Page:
There are two prominent dementia case management models in the Netherlands [9]: the first is the linkage model that consists of a dementia network in which multiple case management providers are active and the case manager acts as a mediator between the client and the multiple care agencies [10]. The second is the combined intensive case management and joint agency model (in short: the intensive model) which can be described as a dementia network where both case management and any additional care services (such as diagnostics and medical treatment) are embedded in one independent organization. In contrast with the linkage model where case management is often introduced after diagnosis, case management in the intensive model may start before the diagnosis.

In this article we will describe differences and similarities between these two prominent case management models with regard to facilitators and barriers to the implementation of case management. This study is important because while case management is growing exponentially, there are still no general guidelines for successful implementation. Insight into the facilitators and barriers of the implementation of two different case management models will help to decide which model is more effective, and will contribute to the development of guidelines for the implementation of case management. This will help other regions to implement case management successfully [1113].

We will compare the results of our study with results from a recent study by Nivel [14] in which different types of case management in thirteen regions of the Netherlands were explored. The Nivel report describes success factors, points of improvement for case management, as well as essential factors for implementation, possible solutions to realize these factors and their advantages and disadvantages. However, the Nivel study did not describe facilitating and impeding factors for the implementation of case management in different models, nor did it investigate different phases of implementation.

The process evaluation described in this article is based on the theoretical model of adaptive implementation [11, 15, 16]. This model describes external factors (e.g. characteristics of the intervention, operational preconditions, personal and financial resources) that can influence the implementation of case management during various phases (preparation, execution and continuation), and it differentiates between influencing factors on different levels in each of these phases: micro level (care provider, person with dementia and informal carer), meso level (collaboration between care providers/organizations) and macro level (legal and financial framework).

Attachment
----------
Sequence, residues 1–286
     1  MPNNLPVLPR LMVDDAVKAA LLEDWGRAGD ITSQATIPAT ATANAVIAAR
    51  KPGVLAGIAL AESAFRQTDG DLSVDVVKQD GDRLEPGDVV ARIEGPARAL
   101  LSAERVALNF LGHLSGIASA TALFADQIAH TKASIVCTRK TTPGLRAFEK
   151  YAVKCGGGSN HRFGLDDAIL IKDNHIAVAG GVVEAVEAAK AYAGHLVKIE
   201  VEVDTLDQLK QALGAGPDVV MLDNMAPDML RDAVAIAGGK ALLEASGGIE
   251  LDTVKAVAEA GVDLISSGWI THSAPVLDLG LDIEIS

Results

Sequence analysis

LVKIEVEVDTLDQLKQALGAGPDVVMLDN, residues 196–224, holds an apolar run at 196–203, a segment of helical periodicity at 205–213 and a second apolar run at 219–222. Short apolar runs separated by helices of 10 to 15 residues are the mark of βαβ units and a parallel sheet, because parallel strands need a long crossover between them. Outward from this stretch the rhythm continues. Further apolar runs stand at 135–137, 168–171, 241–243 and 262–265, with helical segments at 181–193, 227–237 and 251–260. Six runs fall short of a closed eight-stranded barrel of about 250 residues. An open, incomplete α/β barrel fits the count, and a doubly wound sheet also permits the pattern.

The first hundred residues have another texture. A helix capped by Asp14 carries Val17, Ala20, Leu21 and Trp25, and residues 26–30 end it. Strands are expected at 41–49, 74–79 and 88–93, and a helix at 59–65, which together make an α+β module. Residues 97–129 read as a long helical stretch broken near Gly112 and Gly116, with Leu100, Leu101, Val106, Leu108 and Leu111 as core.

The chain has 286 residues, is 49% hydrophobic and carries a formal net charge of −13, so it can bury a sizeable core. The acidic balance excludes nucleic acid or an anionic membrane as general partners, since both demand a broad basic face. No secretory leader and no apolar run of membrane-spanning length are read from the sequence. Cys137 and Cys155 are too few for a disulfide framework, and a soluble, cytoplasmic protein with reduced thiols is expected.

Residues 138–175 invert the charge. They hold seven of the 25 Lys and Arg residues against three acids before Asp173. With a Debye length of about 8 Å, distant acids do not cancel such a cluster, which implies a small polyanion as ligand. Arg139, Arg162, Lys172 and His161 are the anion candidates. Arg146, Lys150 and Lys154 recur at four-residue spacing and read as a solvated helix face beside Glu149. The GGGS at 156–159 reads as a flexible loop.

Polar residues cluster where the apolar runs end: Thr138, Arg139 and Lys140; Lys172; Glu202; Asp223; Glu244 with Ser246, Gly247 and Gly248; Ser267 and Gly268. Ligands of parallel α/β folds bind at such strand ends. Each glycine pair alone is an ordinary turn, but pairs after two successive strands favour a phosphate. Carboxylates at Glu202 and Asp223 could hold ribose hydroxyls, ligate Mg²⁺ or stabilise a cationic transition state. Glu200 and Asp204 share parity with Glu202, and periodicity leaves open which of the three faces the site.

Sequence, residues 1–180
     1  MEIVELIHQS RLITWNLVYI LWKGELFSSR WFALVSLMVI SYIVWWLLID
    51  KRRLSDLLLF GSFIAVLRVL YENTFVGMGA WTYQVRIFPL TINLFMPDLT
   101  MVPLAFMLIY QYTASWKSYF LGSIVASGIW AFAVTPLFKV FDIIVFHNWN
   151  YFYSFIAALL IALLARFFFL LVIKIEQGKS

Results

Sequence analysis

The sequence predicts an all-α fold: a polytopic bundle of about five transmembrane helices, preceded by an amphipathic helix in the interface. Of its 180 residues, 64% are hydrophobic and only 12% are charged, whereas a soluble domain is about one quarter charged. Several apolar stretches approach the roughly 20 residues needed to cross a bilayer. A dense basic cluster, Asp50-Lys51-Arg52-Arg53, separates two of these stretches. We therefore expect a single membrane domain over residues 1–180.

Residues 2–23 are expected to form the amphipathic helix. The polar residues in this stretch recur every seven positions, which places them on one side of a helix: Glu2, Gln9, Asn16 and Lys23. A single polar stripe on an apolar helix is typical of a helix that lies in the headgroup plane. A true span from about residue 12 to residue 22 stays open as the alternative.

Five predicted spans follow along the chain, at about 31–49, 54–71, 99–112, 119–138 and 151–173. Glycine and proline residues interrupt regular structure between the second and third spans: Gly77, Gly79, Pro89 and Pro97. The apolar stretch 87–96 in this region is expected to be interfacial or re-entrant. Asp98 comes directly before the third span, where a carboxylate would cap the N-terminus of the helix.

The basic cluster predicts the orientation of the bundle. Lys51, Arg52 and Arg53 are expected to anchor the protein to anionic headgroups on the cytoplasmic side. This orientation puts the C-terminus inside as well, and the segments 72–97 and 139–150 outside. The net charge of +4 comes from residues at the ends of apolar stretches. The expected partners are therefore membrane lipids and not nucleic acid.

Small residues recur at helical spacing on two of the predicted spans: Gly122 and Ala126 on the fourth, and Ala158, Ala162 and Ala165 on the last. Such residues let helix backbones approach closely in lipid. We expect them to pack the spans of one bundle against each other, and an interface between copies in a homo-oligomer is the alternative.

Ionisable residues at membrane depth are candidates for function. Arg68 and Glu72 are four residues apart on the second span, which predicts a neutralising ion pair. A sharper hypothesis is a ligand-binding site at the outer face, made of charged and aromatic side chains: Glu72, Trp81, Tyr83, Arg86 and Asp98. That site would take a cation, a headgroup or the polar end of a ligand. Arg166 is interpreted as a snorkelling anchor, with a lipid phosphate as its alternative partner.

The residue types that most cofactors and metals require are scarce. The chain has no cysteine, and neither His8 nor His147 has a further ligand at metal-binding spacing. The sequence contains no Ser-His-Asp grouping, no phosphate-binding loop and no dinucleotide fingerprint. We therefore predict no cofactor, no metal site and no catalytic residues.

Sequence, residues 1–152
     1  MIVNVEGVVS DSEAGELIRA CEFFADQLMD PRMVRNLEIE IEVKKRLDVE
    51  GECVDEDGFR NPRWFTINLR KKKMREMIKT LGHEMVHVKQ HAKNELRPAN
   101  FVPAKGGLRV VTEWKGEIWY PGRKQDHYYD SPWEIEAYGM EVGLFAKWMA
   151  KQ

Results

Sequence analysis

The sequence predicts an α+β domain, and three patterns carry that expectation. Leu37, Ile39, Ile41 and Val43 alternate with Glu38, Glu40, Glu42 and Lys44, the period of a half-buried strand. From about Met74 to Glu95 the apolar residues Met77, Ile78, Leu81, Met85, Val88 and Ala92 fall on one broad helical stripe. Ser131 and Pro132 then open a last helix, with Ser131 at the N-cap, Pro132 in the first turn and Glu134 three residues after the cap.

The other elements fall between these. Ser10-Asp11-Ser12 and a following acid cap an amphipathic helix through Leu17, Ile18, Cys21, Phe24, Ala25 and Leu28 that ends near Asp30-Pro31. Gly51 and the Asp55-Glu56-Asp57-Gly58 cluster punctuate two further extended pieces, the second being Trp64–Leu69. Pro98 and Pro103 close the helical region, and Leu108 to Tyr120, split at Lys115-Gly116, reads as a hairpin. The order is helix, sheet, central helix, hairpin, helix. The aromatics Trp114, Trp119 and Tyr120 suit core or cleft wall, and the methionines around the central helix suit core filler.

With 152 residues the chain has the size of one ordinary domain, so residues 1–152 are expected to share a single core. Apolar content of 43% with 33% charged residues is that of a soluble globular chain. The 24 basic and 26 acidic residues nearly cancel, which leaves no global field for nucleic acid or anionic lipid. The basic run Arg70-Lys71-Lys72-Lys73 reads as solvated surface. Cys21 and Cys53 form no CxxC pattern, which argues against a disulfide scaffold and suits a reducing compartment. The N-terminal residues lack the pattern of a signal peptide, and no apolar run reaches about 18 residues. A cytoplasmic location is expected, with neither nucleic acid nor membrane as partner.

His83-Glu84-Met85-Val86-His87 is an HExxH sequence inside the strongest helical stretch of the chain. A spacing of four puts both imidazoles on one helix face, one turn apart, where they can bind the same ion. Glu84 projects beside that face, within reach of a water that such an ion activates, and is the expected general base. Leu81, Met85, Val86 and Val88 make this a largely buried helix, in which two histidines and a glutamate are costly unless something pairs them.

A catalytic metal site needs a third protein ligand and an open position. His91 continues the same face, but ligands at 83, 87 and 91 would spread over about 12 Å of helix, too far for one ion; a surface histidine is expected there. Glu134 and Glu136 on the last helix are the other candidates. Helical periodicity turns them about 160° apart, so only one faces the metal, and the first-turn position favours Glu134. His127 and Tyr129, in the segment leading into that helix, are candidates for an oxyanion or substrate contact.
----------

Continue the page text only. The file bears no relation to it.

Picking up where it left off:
The research questions in this study are: which factors facilitate and impede the implementation of two different case management models? Do the two models differ with regard to the identified facilitators and barriers of implementation? A further question was which of the models best enables case managers to provide personalized care?



We used a qualitative multiple case study design [17] that included semi-structured interviews with stakeholders who represented all stakeholder perspectives (i.e. project leaders, case managers, insurance companies, municipalities, patient & caregiver advocacy organizations) in various phases of the implementation process. The Medical Ethics Committee of the VU University Medical Center approved the study protocol.


The study was conducted in the period of July 2010 to April 2012 in seven regions in the Netherlands that applied one of the two case management models under study.

The most important factor that determined which case management model is used in a region is the presence of one or multiple care organizations that could perform case management. Regions with one major care organization could integrate case management within that single organization (intensive case management model). Regions with multiple care organizations that all wanted to perform case management implemented the linkage model in which many case management providers are active.